When I mention this category of comedy to Stoller notes, "The additional thing about pot comedies is everyone in them is fat from the munchies. I think that's part of the truth thing. In Sarah Marshall it would have been very easy to paint her, Kristen Bell's character as the bitch and that's just not interesting. It would have resulted in not as good a movie and less laughs. It would have been like. & 'I know what that person is,' versus watching the movie and having anyone who's been through a break up realizing that everyone's at fault. So it's important that you give all the characters three dimensions."

That means that we see Sarah as both a stuck up celebrity who uses Peter to carry her purse at parties and events, and as someone who really did try to make her relationship with him work. At one point, after the break up, she confides her insecurities about her work to Peter and Bell lets us see Sarah as vulnerable too.

"We strive for heart at the center," says Stoller, "and that's what ends up making people laugh more. We wanted Kristen Bell to start out as if she's going to be a parody of the dumb Hollywood actress but over the course of the movie you realize that she's just a complicated messed up person like anyone else."

Stoller and Segel also present us with a story where the romantic relationships take a little time to work out. Everyone makes mistakes and it can take a while to either learn from those missteps or find the proper way to apologize. The film resolves all these relationships is a highly satisfying manner, although it takes a little more time that it probably should have to reach its final act. Some tightening would have helped make this a better comedy.


Yes they are that funny... (Universal)

The cast is appealing. Bell is surprisingly good, giving Sarah more dimension that you'd expect. Another surprise is Kunis who was frequently grating on the TV show That 70's Show. Here, she comes across as the most mature and levelheaded of all the characters. The two women also present a nice contrast: the perky Bell and the darkly attractive Kunis. I'll mention Brand again because he probably scores more laughs than anyone else; he's like some hip rock and roll Jesus who's quite matter of fact about his ability to walk on water.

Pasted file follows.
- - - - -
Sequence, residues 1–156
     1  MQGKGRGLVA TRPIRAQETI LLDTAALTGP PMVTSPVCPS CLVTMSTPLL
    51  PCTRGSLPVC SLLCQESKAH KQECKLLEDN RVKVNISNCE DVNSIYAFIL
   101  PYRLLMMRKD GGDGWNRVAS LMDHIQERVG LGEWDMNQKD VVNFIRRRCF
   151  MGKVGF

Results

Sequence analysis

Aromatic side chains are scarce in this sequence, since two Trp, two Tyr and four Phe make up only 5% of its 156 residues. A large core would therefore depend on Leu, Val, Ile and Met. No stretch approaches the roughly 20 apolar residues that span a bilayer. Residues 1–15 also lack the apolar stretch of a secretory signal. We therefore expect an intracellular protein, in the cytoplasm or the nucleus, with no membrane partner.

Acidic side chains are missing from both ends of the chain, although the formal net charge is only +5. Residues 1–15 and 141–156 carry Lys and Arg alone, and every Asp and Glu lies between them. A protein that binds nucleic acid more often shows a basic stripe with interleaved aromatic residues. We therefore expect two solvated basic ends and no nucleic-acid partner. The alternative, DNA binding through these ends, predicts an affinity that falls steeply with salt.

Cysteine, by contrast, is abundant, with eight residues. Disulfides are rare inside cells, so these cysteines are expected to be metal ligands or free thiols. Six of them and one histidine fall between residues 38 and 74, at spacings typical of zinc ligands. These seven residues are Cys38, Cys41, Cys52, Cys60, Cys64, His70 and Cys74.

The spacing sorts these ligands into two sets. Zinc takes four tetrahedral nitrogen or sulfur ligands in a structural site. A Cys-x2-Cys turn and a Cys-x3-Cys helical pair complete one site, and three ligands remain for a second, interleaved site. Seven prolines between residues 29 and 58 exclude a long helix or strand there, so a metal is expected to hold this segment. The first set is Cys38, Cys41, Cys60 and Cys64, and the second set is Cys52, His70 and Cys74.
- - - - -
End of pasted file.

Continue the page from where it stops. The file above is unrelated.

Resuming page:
Paul Rudd, who also shined in Knocked Up , plays a surf instructor of sorts who can never remember anyone's name. Stoller notes that "what's confusing to people is Paul looks like a leading man but he really is an incredible character actor. I mean he's a great leading man too but he really is a fantastic character actor." Segel is not exactly star material and he has some difficulty carrying so much of the film. But he's got a genuine sweetness and sensitivity. He also doesn't mind being the butt of a few jokes. He also doesn't mind stripping down for the film.

The break up that starts the film is likely to start some buzz since it involves full frontal nudity - on the part of the guy. Jason Segel based this on his own break up and decided he needed to "show his unit" as part of the scene.

"Jason just showed up and refused to put clothes on that day," says Stoller, "And it worked because he's just in a very vulnerable state so it doesn't feel extraneous. And it actually did happen like that to him so it feels like you could not be more vulnerable then when you're naked. But I didn't know what the rules were. It turns out that the MPAA rule is that the male member can't be above 90 degrees. Anywhere above that it becomes NC-17. But below it is fine. We had a protractor on the set."

Forgetting Sarah Marshall (rated R sexual content, language and some graphic nudity) stays below the 90-degree mark but raises the bar for romantic comedy. Rather than being the perfect first date movie, it serves up the perfect break up film. You might just laugh till you cry... or cry until you laugh if you're the one being dumped.

Companion viewing: Knocked Up, Freaks and Geeks (TV series), The Heartbreak Kid (the 1972 version for the scene where Charles Grodin breaks up with Jeannie Berlin), Closer, Eternal Sunshine of the Spotless Mind